We are proud to announce the general availability of Bring Your Own Host Support for Windows nodes to Red Hat OpenShift. With this offering you will be able to onboard your custom Windows nodes (aka “pets”) into an OpenShift cluster. We recognize customers have dedicated Windows server instances in their data centers that they regularly update, patch and manage. Often these instances run on vSphere, OpenStack or Bare Metal platforms. It is essential to take advantage of these servers to run containerized workloads so their computing power can be harnessed in a hybrid cloud world. Enabling the  Bring Your Own Host (BYOH) Support for these Windows servers can help customers lift and shift their on-premises workloads to a cloud native world.

Pets vs Cattle  (A brief history)

The BYOH feature will let users bring their “pet” Windows server instances to OpenShift. In the broadest sense, “cattle” are akin to the Machines in an OpenShift cluster that is managed by the Machine API and “pets” are just nodes that are not managed by the Machine API. Read more for a brief background on pets vs. cattle.


At the end of the day - in small quantities, pets are actually quite easy to take care of - when they are young, you take them to the vet for their shots. As they grow, you provide them with food, water, and a clean litter box (or take them outside once in a while) and they are pretty much "good to go". Like pets, you give traditional virtual machines their "shots" when they are first created (via Puppet, Chef, Ansible, or through manual updates) and they are pretty much "good to go".  Of course, if they get "sick", you take virtual machines to "the vet" - you log into them, troubleshoot problems, fix problems, or run update scripts. Usually by hand, or driven by some automation, but managed individually. The problem is raising pets in a house doesn't scale. It's hard to manage 2,000 cats and dogs in a house.


Raising cattle is quite different from raising a household pet. It's actually quite a bit more complex. Cows, sheep, and chickens are raised on farms because it's more efficient. Farms are set up to handle the scale. This requires large amounts of land, tractors, fences, silos for grain/feed, specialized trailers for your truck, specialized train cars, and specialized processing plants. In addition, farms have to keep shifting which fields are used for grazing so that they don't become unusable over time.  Farms are more efficient, but quite a bit more expensive than a house to run day to day. Cloud platforms (e.g. OpenShift) are more akin to farms than houses. Firing up a cloud is like setting up a farm from scratch. It requires a lot of planning and execution. After firing up your cloud, there is constant technical care and maintenance - e.g. adding/removing storage, fixing hung instances, adding/removing VLANS, fixing pods stuck in a pending state, returning highly available services (Cinder, API nodes, OSE/Kube Master, Hawkular Metrics) back to production, upgrading the cloud platform, etc., etc. There is a lot of farm work with a cloud. Farms are quite efficient at raising thousands of animals. I do not think, however, that you just tear down an entire farm when it is no longer running in an optimal state - instead - you fix it.  Clouds are quite similar.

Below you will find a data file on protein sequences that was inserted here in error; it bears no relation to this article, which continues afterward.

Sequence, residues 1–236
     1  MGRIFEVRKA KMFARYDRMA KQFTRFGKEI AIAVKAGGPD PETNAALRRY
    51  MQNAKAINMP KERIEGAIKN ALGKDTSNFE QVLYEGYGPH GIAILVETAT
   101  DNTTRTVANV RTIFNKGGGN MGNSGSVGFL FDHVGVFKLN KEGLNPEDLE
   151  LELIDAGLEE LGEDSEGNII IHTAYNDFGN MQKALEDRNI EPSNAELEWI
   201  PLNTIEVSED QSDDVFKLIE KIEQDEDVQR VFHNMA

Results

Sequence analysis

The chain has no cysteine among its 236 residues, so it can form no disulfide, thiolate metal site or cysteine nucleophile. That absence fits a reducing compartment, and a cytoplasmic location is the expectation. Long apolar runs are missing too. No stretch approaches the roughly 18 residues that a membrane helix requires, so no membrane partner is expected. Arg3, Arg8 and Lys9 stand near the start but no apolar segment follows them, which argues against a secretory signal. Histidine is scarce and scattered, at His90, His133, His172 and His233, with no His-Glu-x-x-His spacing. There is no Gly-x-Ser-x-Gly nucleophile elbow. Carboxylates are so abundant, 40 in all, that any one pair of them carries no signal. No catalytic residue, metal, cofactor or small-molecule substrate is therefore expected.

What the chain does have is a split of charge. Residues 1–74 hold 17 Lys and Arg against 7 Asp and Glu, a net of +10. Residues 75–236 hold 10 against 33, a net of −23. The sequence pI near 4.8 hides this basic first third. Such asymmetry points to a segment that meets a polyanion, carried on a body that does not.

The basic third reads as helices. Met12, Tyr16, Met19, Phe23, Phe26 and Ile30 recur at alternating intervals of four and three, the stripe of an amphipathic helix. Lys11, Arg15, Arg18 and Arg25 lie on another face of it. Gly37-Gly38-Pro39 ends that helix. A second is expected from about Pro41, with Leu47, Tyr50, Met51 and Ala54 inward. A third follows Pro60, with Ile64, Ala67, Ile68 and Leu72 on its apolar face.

Clouds are more work for operators, but less work for developers. Raising large amounts of chicken is harder for farmers and easier for consumers. The farmers hide the complexity from consumers.

Using the Windows Machine Config Operator (WMCO) to add and remove Windows nodes 

The intent of the Windows Machine Config Operator (WMCO) is to allow a cluster administrator to add a Windows compute node as a day 2 operation with a prescribed configuration to an OpenShift cluster (OpenShift Container Platform/OKD) and enable scheduling of Windows workloads. Windows instances can be added either by creating a MachineSet, or by specifying existing instances through a ConfigMap. Through either method, the Windows instance must have the Docker container runtime installed. The operator will do all the necessary steps to configure the instance so that it can join the cluster as a worker node. 


Before setting up a Windows BYOH node to be a member of an OpenShift cluster, you must make sure that the prerequisites are in place. Some of these prerequisites need to be done as part of the cluster installation, and cannot be performed after installation. So take special note at the prerequisites, and make sure they are done at the time of installation.